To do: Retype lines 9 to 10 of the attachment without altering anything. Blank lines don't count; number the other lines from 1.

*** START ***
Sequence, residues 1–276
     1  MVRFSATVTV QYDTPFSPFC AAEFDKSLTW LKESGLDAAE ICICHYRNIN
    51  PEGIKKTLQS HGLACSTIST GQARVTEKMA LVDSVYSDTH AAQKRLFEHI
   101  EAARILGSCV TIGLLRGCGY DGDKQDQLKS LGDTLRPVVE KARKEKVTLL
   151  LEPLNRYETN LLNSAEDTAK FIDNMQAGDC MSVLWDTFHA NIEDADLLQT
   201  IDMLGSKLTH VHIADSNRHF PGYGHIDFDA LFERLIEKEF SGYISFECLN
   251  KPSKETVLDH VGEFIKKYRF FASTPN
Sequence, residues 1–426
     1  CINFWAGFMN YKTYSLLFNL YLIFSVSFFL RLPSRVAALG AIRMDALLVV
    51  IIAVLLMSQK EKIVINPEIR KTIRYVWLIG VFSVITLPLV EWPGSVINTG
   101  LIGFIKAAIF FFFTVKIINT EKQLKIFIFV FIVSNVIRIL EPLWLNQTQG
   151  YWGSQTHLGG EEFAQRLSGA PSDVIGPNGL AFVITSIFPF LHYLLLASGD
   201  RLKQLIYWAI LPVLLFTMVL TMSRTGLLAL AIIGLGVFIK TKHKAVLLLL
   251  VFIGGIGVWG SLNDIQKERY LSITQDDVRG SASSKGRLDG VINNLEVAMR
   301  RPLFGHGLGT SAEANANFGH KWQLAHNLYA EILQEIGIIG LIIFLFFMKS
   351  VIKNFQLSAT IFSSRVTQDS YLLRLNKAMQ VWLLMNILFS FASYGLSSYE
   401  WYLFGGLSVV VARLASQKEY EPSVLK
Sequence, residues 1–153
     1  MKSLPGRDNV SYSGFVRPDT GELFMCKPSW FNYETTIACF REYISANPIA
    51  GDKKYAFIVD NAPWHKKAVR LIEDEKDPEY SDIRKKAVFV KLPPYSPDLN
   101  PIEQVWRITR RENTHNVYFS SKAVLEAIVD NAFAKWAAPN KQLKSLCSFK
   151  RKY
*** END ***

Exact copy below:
     1  CINFWAGFMN YKTYSLLFNL YLIFSVSFFL RLPSRVAALG AIRMDALLVV
    51  IIAVLLMSQK EKIVINPEIR KTIRYVWLIG VFSVITLPLV EWPGSVINTG